Location: Floral and Nursery Plants Research2014 Annual Report
The objectives of this project are 1) Characterize viruses of major significance to ornamental and nursery crops, including uncharacterized or emerging viruses affecting key ornamental crops and develop corresponding diagnostic testing methods; 2) Determine the genome organization of selected important ornamental viruses and utilize full-length infectious clones to determine the genes or gene products involved in replication, systemic movements, and pathogenicity; and 3) identify, detect, and gain a better understanding of genetic relationships and molecular basis of pathogenicity to facilitate effective control of bacterial diseases of major significance to ornamental and agronomic crops. The long-term objective of this project is to develop effective means for the detection and identification of new and emerging plant viral and bacterial diseases of ornamentals, thus allowing growers to select pathogen-free or pathogen-indexed plants for propagation. Improved detection and differentiation methods for these pathogens will enable state and federal regulatory officials to make timely and appropriate recommendations in safeguarding the movement of horticultural and agricultural products into the United States. Understanding viral and bacterial genome structures and functions, their mechanisms of pathogenicity and resistance, and conferring virus and bacterial resistance in plants will lead to the development of better disease control measures and increases in both productivity and quality of ornamental plants for industry and the consumer.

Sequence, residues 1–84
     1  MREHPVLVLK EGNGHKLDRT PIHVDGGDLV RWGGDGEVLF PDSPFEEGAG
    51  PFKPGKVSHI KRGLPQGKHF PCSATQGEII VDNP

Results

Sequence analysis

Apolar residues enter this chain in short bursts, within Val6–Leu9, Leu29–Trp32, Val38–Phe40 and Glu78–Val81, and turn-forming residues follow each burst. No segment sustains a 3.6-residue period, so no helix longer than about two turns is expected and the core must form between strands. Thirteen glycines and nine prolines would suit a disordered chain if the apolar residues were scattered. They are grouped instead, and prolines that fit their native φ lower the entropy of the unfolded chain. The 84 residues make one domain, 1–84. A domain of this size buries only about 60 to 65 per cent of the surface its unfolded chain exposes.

Characterize viruses of major significance to ornamental and nursery crops, including uncharacterized or emerging viruses affecting key ornamental crops, and develop corresponding diagnostic testing methods. The overall approach is to develop knowledge, tools, and reagents that will aid U.S. floriculture companies to establish effective virus testing protocols and improve clean stock production for new vegetatively propagated annuals and perennials. Based on the knowledge and tools developed while identifying and characterizing new viruses, new virus-specific and broad-spectrum polyclonal and/or monoclonal antibody reagents, purification protocols, molecular nucleic acid hybridization probes, PCR primers, and improved associated protocols will be developed. A Universal Plant Virus Microarray, currently being developed cooperatively under an NRI grant, will add new capabilities in identifying newly emerging viruses to the appropriate family and genus, thus significantly aiding selection of appropriate methods for further characterization. Research will initially focus on those "new" currently uncharacterized or emerging viruses affecting key ornamental crops recently identified as significant to the floral and nursery industry. Determine the genome organization of selected important ornamental viruses and utilize full-length infectious clones to determine the genes or gene products involved in replication, systemic movement, and pathogenicity. Infectious clones of selected viruses will be modified by gene exchange and site-directed mutagenesis. Interactions between viral gene products, and between viral and host proteins, using yeast two-hybrid, bimolecular fluorescence complementation, and GST-pull down assays will be examined. Virus-induced gene silencing (VIGS) and/or protein over-expression will also be utilized. Identify, detect, and gain a better understanding of genetic relationships and molecular basis of pathogenicity to facilitate effective control of bacterial diseases of major significance to ornamental and agronomic crops. Research will be conducted on Xylella fastidiosa genome characterization, and specific detection and identification of ornamental strains, as well as genetic relationships among ornamental and non-ornamental strains of X. fastidiosa. Using high throughput sequencing and comparative genomics, a better understanding of their molecular basis of pathogenicity will be retained. Current detection and identification methods for the select agent pathogen Ralstonia solanacearum race 3 biovar 2 will be improved using comparative genomics to develop, for example, a multiplex PCR.